• Yet would anyone miss the illustrious personages of FM/DFM if they gave up the jetsetting? I don’t know. I’d say we will miss our community education when it’s gone, not to mention the choice of courses and teachers in FE / HE when they are gone too. Ah well. Cuts.

  • I wonder if anyone will take you up on the offer to set a good example for greater good etc? No? Anyone?

  • I can’t speak to the number of OBEs among them, Seaan, but to put things into context, Zeno3 is right – there are close enough to 400 staff members in there, pretty much twice the number David Cameron employs… http://www.newsletter.co.uk/news/regional/ofmdfm-staff-up-since-2011-and-double-that-of-pm-1-6413933

  • SeaanUiNeill

    Yes, W[r]iteNoise, the classes would be missed, and all they can do to open up something more important than devisive politics to real people’s real lives. The money was seldom prioratised for people even before the cuts, not when important people had to swan about to meet with other important people and have important photo opportunities to show us all what important things they were doing. I had too much time out there with advertising, marketing and film to ever start believing the hype they are trying to sell us all.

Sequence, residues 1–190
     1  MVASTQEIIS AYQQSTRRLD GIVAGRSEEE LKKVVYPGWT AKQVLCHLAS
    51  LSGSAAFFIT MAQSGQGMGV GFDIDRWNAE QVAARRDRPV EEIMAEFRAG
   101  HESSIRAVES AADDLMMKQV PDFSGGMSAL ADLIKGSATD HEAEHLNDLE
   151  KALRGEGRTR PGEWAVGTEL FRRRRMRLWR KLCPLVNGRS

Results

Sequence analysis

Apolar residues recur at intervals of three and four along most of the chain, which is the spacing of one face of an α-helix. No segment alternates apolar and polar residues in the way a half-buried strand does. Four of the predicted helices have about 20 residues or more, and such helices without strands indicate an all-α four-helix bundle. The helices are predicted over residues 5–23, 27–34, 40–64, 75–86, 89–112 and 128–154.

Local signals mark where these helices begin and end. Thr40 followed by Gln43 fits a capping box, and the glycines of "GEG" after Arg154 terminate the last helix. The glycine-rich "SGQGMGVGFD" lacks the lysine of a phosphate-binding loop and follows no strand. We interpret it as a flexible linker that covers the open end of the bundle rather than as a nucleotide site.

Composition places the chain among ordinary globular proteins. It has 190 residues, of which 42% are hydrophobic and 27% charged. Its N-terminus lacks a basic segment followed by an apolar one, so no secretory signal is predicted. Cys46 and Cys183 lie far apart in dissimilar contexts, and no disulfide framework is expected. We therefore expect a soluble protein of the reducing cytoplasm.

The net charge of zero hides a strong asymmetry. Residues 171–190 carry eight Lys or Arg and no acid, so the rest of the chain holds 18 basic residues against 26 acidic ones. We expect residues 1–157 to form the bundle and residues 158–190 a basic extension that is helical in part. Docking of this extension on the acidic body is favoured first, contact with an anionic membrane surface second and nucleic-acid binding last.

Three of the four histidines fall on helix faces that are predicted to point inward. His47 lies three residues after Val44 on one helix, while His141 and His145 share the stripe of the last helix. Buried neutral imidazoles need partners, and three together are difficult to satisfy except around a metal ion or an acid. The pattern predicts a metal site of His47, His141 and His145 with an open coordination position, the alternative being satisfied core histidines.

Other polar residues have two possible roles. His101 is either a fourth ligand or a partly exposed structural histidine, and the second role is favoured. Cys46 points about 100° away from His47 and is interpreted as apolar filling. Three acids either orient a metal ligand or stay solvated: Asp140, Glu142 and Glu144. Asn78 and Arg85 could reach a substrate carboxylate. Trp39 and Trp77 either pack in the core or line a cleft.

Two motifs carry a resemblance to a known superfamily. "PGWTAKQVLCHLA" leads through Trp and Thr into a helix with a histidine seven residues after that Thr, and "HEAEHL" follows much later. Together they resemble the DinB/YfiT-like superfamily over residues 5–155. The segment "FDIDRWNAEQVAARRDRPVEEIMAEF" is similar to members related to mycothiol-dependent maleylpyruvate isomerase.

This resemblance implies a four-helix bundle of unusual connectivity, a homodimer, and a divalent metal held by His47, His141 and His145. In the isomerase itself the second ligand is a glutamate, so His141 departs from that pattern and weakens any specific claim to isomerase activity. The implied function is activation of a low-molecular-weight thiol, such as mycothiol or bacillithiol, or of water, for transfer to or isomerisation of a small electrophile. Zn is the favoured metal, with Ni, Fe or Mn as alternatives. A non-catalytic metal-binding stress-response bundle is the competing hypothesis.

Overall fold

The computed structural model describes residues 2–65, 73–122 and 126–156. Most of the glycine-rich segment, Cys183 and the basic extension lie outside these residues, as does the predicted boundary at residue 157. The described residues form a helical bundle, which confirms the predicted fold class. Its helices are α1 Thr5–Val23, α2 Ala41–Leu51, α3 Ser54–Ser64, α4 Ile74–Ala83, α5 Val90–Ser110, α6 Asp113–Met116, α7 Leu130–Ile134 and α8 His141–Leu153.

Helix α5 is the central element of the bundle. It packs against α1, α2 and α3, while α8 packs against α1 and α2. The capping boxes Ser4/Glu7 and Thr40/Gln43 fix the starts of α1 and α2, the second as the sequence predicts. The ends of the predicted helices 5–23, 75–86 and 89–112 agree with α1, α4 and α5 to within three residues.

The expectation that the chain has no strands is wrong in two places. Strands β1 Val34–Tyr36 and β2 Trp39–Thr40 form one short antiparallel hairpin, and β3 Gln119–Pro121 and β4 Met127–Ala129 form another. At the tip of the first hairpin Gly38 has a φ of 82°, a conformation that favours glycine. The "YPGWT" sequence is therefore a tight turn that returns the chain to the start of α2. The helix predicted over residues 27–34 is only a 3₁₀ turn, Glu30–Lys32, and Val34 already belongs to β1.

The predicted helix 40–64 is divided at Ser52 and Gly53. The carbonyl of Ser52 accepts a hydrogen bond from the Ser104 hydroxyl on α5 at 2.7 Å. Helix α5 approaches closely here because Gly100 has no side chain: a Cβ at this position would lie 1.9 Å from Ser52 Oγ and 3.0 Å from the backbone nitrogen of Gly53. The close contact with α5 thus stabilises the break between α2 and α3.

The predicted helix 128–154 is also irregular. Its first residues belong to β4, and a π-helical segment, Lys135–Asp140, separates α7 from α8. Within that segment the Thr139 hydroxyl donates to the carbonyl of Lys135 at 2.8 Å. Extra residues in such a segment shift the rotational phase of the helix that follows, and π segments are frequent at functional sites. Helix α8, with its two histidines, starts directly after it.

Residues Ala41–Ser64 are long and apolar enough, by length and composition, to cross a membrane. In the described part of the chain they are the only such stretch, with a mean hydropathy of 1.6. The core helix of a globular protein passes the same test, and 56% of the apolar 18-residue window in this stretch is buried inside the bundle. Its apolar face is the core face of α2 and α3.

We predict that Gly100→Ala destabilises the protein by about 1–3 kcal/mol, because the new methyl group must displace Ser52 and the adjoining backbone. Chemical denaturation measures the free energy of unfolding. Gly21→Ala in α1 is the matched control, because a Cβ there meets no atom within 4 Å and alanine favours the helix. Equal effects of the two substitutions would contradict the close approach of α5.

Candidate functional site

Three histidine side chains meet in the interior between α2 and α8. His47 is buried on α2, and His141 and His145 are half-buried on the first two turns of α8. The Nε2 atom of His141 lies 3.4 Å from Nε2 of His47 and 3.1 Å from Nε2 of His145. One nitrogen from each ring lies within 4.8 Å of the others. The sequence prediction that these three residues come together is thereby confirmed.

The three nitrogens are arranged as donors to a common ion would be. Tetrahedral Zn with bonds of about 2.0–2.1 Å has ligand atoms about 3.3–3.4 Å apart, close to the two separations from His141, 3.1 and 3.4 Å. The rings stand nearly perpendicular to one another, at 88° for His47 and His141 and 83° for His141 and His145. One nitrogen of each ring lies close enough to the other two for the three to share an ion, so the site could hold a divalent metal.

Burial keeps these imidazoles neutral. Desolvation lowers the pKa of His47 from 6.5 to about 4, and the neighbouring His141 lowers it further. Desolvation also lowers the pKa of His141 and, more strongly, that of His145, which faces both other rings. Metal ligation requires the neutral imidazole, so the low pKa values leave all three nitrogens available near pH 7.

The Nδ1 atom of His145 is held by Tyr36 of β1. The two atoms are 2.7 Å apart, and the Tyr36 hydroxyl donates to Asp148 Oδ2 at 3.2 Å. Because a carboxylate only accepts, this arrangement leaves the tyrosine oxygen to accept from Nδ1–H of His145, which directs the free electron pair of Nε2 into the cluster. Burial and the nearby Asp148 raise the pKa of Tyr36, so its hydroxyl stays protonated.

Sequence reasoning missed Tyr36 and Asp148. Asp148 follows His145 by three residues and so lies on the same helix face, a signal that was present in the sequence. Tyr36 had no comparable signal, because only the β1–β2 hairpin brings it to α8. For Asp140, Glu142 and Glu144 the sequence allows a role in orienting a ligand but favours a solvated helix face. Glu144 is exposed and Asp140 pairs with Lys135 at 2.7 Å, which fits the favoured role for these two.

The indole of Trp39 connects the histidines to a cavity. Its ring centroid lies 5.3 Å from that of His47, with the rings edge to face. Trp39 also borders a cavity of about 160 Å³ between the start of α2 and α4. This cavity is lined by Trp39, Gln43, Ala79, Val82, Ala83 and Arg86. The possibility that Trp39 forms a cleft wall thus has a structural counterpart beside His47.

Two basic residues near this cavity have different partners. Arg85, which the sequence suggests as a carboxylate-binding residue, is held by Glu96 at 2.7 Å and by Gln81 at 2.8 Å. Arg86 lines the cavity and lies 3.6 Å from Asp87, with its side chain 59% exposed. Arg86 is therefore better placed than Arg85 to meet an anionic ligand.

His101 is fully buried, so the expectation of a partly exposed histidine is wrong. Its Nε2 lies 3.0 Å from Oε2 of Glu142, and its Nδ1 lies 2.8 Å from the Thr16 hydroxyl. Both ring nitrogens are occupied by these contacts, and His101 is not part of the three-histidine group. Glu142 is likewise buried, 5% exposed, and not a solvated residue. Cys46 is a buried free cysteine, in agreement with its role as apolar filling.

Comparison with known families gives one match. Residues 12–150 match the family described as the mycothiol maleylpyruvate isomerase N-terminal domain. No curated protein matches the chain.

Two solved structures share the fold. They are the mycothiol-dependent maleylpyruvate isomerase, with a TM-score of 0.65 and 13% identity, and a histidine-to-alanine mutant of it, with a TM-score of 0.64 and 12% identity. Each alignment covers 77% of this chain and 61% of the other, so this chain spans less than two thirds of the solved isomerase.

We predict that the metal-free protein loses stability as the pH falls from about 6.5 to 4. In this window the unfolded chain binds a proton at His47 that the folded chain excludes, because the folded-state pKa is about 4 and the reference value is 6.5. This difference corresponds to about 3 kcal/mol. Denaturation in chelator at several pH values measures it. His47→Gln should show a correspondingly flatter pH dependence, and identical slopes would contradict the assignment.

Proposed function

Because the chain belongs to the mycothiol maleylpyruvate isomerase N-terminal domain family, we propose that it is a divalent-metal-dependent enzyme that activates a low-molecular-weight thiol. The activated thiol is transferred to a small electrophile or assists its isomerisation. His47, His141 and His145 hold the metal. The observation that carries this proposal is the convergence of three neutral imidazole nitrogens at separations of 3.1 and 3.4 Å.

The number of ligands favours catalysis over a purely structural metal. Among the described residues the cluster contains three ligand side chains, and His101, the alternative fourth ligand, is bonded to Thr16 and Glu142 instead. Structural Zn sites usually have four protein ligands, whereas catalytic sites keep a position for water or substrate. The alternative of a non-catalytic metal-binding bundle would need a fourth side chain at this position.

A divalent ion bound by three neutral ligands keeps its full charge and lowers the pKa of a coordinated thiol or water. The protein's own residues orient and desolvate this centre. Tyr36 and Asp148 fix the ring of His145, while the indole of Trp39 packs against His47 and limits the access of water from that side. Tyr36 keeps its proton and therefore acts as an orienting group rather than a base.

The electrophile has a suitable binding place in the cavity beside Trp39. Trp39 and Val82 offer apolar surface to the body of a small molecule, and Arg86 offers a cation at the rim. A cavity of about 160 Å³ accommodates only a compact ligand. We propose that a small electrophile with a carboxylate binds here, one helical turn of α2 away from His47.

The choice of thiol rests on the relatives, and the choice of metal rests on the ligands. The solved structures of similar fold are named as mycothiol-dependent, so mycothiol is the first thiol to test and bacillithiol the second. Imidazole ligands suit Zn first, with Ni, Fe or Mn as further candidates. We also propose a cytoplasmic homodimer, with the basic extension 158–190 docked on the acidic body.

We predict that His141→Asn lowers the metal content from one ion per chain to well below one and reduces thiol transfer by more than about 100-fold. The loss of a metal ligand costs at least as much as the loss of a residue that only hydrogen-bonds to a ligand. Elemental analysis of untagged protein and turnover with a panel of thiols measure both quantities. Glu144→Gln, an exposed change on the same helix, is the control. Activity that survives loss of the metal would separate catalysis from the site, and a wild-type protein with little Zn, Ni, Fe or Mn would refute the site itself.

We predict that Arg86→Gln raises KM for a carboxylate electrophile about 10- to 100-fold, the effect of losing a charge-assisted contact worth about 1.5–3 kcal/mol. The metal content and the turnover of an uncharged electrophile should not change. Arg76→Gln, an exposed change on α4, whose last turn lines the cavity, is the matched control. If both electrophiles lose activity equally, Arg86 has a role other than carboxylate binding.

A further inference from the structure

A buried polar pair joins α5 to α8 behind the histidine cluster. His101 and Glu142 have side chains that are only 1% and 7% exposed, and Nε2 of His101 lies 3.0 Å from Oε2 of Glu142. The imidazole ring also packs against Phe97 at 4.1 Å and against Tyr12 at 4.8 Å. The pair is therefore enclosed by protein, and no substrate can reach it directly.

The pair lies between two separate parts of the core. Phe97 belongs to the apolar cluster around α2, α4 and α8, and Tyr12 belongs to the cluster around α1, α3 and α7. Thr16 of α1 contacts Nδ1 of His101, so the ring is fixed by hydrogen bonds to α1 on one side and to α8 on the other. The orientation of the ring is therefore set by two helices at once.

But this jealous guarding of the machine of governance’s absolute access to first dip in the purse while everything else is cut to the bone………..

  • SeaanUiNeill

    Yes, I’d watched from the wings as all the important committees created by constant need for expert advice absorbed academics into the system up on the hill, and all the noted “talent” was picked up and retained by the OFMdFM, which just grew and grew. I know a few of the lucky winners in this surge to collect posts and retainers.

    One of old mentors, the Bollingen ex “Crown Prince” who turned down the opportunity to succeed Jung, James Hillman, once wrote a book provocatively titled “We’ve Had a Hundred Years of Psychotherapy – And the World’s Getting Worse”. You’d think that such a galaxy of talent at the OFMdFM would have solved all our political problems by now, what with the enormous amount of money doled out, for, yes, twice the number of experts Cameron feels he needs to call on. That’s why the OFMdFM budget is so astronomical. But there are a lot of well placed, important people with excellent cvs involved who are indispensible now! I think they call it “ring fenced”.

  • Kevin Breslin

    Indeed so, but let’s consider how much money DETI gets to spend subsidizing industries to come to Belfast, and how much money DEL themselves wasted on subsidizing ICT courses the local ICT sector was too cheapskate to try to pay for themselves. If we are to tackle welfare reform, we need to tackle the corporate welfare that is easily handed out by the DUP and the Alliance Party to their interests on the East of the Bann!